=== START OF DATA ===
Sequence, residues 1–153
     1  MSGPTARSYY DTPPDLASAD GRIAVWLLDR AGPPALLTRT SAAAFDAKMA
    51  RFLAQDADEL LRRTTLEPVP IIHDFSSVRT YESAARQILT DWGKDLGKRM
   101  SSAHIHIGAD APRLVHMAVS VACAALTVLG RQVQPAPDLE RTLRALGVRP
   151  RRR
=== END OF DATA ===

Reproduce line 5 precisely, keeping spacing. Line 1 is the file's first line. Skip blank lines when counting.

   151  RRR